With Facebook’s robust tool set, applying the four social media strategies outlined in Welcome to the Fifth Estate is relatively straight forward. It’s important to note that any Facebook initiative should fit within a larger holistic online effort and your overall business & communications strategy. Here’s a look at each strategic approach.
Strategy 1: Participation
Always the bread and butter strategy, participation can keep an online effort alive and growing for months without any other effort at all. From a community management standpoint, participation is simple: Talk with other people on Facebook. This gets back to the timeless social media lesson that posting messages is not relational, and doesn’t help your nonprofit or company succeed. As Mitch Joel says, when organizations do this, they are trying to force an old marketing method into two-way channels.
Participation involves responding to user comments on a Facebook page, going out and talking to fans on their pages, and gasp, yes, participating in larger industry fora, including Groups and answering Questions. It means asking questions rather than posting statements, and genuinely listening. Encourage people to talk about the issues you share in common. When in doubt use the Pareto principle of 80/20, meaning, don’t talk about yourself or your organization 80% of the time.
Two examples of participation are Audi and LIVESTRONG (ugh, Lance). Audi uses its Facebook page on a level far exceeding its auto competition, even answering questions about common issues with its automobiles. LIVESTRONG’s use of Facebook to connect with cancer survivors and patients is astounding. User-generated conversation far outpaces LIVESTRONG discussion. Both pages have more than a million fans, in large part because user conversation is so highly valued.
Make no bones about it, fostering conversation has real marketing value for an organization. Beyond fostering stronger ties with fans, each interaction — either from you or them — is listed in the Facebook stream, and thus acts like a word of mouth referral to each users’ network. It is through such updates that an organization can be introduced to friends of fans, which have a higher likelihood of converting than an ad or another referral source.
Strategy 2: Serve with Content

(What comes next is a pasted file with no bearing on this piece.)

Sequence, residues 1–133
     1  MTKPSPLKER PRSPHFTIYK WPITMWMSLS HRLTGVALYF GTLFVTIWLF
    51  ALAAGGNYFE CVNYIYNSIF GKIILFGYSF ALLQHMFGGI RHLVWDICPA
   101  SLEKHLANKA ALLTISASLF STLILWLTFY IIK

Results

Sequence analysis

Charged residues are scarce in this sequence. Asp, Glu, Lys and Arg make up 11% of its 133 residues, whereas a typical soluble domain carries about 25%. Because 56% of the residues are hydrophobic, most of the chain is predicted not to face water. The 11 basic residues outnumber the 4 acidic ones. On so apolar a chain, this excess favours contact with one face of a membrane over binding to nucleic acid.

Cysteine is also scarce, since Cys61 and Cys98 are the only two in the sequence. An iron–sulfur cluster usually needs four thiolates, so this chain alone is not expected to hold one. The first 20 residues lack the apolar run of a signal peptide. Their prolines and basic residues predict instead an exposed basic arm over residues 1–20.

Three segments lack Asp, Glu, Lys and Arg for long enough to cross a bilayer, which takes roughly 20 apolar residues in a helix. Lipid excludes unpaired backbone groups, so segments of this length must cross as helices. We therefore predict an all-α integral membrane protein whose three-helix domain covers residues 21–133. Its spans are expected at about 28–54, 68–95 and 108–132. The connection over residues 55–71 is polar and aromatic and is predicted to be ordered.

Much has been said about content creation. In fact, entire books have been written on the topic (see Beth Kanter’s review of Content Rules). There are so many ways to provide content within a Facebook community, from extremely popular photos (tag away) and videos to notes and applications. It’s almost impossible to exclude any type of content as a possible tactic, even feature rich games or coupons for Places check-ins.
There are a couple of nuances to content provision. Whatever you decide to do, make sure it actually serves stakeholders with either valuable information or entertainment. This means don’t post your press releases, rather post information people will find worthwhile. Listening and participation are precursors to success, generally.
This brings up the second nuance. Facebook automatically licenses your content when you publish it there. Further, when you only publish on Facebook, you are not bringing people back to your site for further engagement. This should lead to an important conclusion: When in doubt publish content off site, and use links, applications or embeds codes in iFrames to share the content. This creates a call to action for further engagement on your site, as well as the ability to develop stronger ties with stakeholders there. It also ensures copyright ownership for your full content.
Strategy 3: Top-Down Influence
For many groups, Facebook success is not as easy as launching a post on their 1,000,000 person community page. They really need strong networks of influential people to carry the word for them, especially if they are at the beginning stages or have a weak participatory effort.
It becomes necessary to build relationships with influencers, people that the larger community trusts and responds to, from bloggers to active social network participants. As noted in participation, when they comment and add discussion to their stream about your topic of interest it becomes a powerful peer referral. Many organizations focus on big names, but these aren’t necessarily the most powerful within your stakeholder community. Research and find the magic middle, influencers who are accessible to the community yet are well referenced and hold weight.
Engage influencers on their terms. For example, if you wanted to engage and cultivate relationships with critical voices in the DC 2.0 community you should participate in the DC Tech group. It is worthwhile participating in conversations on critical voices’ Facebook walls. Finally, it may make sense to set up your own group of influential voices to strengthen relationships. Epic Change’s Stacey Monk did this to organize and activate the To Mama With Love effort.
Strategy 4: Empower Your Community
Empowering people can range from letting folks tell their own stories like American Express did with its Small Business Saturday Facebook application to crowdsourcing charitable contests like Lady Gaga’s recent Robin Hood contest for New York City homeless organizations. These were both high-end examples of empowerment, but it can be done with simple applications like Questions, or asking a question on your Facebook page.
People like contests, especially when they are win-win and don’t have much down side (unlike Pepsi Refresh losers). This is a great way to galvanize a community, too.